He tosses another stone at the waves.
I don’t see it fall—only the back
of his neck, so small and birdlike it makes
me inhale deep—in that moment I’m struck
by the dusting of sand on his left ear,
the slightest glimmer of late summer sweat,
the little boy shoulders—strangers to fear—
and downy skin in the cleft of his neck.
Arresting—this stolen glimpse of joy,
and melancholy as summer’s last day—
the innocence of a four year old boy
is fleeting as sunshine that soon goes away.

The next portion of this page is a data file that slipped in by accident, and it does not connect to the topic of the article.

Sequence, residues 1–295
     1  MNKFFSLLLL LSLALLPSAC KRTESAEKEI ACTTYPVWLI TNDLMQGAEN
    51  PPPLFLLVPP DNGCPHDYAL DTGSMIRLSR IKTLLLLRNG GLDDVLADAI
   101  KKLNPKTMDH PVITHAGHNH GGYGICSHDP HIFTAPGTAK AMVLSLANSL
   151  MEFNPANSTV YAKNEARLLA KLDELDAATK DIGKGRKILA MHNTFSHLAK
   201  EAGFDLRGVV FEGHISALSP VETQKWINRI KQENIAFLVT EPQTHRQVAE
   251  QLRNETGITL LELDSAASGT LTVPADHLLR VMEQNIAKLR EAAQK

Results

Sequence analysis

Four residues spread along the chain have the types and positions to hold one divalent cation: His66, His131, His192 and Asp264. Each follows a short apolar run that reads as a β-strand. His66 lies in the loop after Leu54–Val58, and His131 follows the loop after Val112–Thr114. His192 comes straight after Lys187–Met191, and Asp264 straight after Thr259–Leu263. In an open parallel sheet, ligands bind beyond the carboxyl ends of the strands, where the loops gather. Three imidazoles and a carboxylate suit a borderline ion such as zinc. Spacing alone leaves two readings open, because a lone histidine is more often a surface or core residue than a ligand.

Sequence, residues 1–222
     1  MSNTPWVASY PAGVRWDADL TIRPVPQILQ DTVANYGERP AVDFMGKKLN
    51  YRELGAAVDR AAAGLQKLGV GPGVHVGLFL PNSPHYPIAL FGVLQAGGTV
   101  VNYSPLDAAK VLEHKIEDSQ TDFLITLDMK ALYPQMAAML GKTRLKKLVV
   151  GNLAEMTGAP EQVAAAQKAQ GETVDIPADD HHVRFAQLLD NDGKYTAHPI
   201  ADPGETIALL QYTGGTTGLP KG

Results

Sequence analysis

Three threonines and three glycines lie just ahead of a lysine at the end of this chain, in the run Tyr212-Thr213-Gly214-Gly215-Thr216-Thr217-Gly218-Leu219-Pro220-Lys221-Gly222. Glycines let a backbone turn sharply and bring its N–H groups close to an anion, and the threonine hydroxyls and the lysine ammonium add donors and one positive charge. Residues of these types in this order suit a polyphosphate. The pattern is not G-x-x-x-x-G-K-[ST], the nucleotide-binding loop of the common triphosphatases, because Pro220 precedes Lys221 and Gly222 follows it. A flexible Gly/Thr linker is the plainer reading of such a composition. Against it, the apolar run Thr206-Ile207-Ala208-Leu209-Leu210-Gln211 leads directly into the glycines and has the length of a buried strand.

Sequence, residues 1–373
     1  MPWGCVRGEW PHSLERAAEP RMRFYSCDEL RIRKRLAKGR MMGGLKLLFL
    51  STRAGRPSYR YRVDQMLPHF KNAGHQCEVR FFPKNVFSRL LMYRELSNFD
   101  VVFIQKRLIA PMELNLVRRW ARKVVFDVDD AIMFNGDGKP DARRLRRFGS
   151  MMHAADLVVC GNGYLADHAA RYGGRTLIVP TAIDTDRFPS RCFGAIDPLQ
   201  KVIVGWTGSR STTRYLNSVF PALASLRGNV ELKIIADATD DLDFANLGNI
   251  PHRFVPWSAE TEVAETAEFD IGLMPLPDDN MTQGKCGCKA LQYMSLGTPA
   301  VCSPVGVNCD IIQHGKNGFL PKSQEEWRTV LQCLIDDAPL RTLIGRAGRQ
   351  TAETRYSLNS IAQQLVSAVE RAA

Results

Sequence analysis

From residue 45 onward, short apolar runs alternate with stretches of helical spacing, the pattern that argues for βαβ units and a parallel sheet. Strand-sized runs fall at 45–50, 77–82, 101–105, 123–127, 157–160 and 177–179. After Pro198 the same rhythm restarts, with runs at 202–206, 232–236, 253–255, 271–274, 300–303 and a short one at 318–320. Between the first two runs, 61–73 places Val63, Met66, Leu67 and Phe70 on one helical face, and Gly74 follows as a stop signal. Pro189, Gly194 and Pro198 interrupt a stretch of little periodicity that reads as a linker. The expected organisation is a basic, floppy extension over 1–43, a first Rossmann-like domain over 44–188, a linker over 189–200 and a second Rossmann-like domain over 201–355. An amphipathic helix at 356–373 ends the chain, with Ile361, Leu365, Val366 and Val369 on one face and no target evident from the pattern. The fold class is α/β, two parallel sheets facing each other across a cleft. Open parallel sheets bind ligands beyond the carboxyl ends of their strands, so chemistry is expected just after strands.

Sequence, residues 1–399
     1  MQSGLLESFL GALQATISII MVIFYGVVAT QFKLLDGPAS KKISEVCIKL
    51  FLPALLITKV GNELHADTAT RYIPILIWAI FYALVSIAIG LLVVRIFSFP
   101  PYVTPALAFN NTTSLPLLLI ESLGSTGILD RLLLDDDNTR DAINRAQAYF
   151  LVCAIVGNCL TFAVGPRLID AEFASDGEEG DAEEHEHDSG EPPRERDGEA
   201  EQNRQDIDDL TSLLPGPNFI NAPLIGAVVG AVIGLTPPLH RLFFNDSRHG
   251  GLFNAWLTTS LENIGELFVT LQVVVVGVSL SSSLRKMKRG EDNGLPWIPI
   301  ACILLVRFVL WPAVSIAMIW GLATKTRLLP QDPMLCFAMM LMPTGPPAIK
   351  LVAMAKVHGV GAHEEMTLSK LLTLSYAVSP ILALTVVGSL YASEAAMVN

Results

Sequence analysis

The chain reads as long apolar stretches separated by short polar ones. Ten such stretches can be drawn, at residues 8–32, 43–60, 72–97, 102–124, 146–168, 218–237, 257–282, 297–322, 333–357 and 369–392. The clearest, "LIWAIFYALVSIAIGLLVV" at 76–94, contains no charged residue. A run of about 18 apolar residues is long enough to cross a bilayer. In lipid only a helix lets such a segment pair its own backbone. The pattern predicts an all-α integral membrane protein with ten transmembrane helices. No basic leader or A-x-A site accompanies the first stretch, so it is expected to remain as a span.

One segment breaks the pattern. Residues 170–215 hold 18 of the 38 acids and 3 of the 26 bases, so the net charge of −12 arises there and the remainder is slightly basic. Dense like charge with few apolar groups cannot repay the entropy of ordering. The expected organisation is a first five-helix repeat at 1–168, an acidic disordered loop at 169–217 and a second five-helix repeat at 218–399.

Time will leather his fawn colored skin
and the untanned patch left by his cut hair,
his neck and back bear the weight of a man’s
thoughts, and the heft will test him for years.
To the east and west, his shoulders will grow
stiff and angular, branches on trees
for life to bow with its heavy snow
and season the boy with his back to me.